Project update 2023

At the end of 2022 our project officially came to an end, but project activities will still continue well into 2023.

After talks in Brussels and Austin, Texas last year, Daniela is now focusing on thesis writing, sifting through the coded examples from her 100 sample languages using the qualitative data package for R, RQDA. One exciting aspect of this approach (which, as far as I know, has not yet been attempted in linguistic typology) is that it allows for the bottom-up classification of examples, which delivers some surprising results and correlations between semantic classes of extended reported speech and their grammatical make-up. Keep an eye out for her thesis!

Together with colleagues from Indigenous Studies and General Linguistics in Helsinki I will be organising a panel on Language diversity and sustainability at the HELSUS Sustainability Science Days in May and with Esther Pascual (Shanghai International Studies University) and Arie Verhagen (Leiden University) I will present talks about extended reported speech and fictive interaction at the conference of the International Pragmatics Association (in Brussels) and the International Cognitive Linguistics Conference (in Düsseldorf).

Three book volumes associated with the project should finally be published this year as well: a volume on reported thought for Mouton De Gruyter (edited with Daniela, Silvio Cruschina and Pekka Posio), our project’s volume on reported speech (all chapters are currently under review and authors will receive review reports within the next couple of months) and my short book on Grammatical Participation, a theory of language that suggests that dialogue is the primary driver for both linguistic diversity and variation and conventionalisation (‘core grammar’).

It looks like we will have a short resumption of our online reported speech workshop later this year. Contributors, expect an email update over the Summer!

– Stef

Workshop update and new publication

A new academic year has started and for 2021-2022 our project has multiple activities and publications in the pipeline, including two edited volumes and several research papers. The first of these, titled ‘In a Manner of Speaking: How Reported Speech May Have Shaped Grammar‘ was recently published in Frontiers in Communication ( Any comments or other feedback will be much appreciated!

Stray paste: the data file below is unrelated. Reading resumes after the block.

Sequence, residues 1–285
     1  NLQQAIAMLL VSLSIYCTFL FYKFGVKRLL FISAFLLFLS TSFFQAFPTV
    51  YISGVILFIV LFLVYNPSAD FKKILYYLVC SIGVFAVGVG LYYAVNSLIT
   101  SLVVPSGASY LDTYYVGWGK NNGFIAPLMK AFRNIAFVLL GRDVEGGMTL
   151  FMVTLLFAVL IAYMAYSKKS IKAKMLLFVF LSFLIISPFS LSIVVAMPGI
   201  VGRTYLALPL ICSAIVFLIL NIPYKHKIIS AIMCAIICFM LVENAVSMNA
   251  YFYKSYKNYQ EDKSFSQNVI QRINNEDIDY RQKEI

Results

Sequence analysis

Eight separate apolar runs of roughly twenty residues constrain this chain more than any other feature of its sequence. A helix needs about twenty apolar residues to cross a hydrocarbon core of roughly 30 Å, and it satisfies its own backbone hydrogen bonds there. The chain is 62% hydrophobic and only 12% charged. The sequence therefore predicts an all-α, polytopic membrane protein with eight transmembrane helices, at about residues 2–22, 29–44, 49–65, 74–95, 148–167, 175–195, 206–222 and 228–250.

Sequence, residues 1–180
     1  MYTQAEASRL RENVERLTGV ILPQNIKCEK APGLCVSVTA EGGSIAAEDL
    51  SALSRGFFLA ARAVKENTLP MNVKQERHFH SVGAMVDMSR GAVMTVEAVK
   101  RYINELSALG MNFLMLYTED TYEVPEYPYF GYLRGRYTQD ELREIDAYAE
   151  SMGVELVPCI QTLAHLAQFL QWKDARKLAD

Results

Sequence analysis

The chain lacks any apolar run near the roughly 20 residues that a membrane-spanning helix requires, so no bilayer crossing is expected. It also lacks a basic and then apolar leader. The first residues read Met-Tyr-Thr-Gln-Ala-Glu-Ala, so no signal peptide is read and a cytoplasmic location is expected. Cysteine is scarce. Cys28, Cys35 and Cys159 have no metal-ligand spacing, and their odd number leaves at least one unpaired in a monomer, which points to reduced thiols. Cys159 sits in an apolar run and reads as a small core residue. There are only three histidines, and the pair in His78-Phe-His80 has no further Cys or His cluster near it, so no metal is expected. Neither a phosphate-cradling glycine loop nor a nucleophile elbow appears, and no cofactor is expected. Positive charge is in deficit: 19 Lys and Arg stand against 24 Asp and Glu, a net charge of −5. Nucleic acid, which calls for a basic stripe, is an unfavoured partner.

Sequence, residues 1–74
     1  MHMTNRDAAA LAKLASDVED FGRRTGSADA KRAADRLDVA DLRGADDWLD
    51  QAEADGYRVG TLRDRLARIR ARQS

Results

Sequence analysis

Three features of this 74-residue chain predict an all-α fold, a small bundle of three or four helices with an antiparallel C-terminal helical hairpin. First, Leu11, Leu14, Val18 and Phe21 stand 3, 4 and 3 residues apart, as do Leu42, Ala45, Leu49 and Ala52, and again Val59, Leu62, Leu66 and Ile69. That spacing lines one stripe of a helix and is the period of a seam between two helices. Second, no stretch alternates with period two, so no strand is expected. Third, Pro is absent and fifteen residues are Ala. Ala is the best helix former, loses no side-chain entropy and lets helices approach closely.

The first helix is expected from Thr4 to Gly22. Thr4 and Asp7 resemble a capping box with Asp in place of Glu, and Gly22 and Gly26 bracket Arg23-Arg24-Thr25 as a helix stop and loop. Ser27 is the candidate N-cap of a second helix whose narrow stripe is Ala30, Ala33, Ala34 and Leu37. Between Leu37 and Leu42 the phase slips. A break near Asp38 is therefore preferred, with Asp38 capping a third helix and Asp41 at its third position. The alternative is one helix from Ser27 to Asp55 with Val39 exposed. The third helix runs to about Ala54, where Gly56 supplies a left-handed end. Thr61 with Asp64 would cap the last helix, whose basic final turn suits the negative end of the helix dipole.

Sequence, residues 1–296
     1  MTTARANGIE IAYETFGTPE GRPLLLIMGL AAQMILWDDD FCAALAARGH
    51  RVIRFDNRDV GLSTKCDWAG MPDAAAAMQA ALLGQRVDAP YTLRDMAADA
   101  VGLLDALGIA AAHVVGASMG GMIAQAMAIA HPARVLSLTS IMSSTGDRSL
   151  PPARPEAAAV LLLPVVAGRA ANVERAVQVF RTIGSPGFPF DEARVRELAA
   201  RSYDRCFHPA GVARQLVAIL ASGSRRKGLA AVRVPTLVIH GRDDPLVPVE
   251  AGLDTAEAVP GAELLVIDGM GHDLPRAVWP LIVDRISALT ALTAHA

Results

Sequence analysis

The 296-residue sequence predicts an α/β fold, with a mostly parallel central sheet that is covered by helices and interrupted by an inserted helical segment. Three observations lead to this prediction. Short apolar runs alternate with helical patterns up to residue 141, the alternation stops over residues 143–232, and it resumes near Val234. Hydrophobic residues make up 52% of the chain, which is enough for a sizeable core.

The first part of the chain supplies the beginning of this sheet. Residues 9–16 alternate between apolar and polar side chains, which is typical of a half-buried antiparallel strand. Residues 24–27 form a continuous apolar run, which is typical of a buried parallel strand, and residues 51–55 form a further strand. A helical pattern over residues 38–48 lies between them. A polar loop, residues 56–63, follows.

We are hoping to be able to organise an in-person workshop on reported speech in May/June 2022. Currently, however, the project is a sponsor and co-organiser of the workshop Emerging Topics in Typology, which will take place online 25 October – 25 November 2021. It should be an engaging series of meetings showcasing the breadth of contemporary linguistic typology and includes presentations, discussion sessions and other activities. Please come and join us for the conference!

Thirteenth session: Macedonian and Chácobo

In the thirteenth session we embarked on a virtual journey through the grammatical structures of Macedonian, a south Slavic language spoken in Europe with Izabela, and Chácobo, a Panoan language spoken in Bolivia with Adam.

Speech reports in Macedonian are marked most frequently by two verbs that both translate as ‘say’ in English. As Izabela showed in her presentation, one of the verbs is on the path of grammaticalization into a quotative marker, depending on the dialectal variation of Macedonian and the register speakers use. Furthermore, Izabela presented cases from her data, where a discourse report is embedded in a discourse reported event.

Speech reports in Chácobo, are usually marked by verbs of speech where ‘say’ occurs most frequently, or the cognitive verb that is equivalent to ‘think’ in English. The language also has a reportative evidential marker that is obligatory, but not integrated into the inflectional system. Adam points out that the reportative evidential is rarely left out. The majority of cases where it is left out is when a Chácobo speaker is telling a joke.

Both presentations have shown that some of the frequent strategies of speech reporting in the respective languages are on the path of grammaticalization into quotative markers.

– Daniela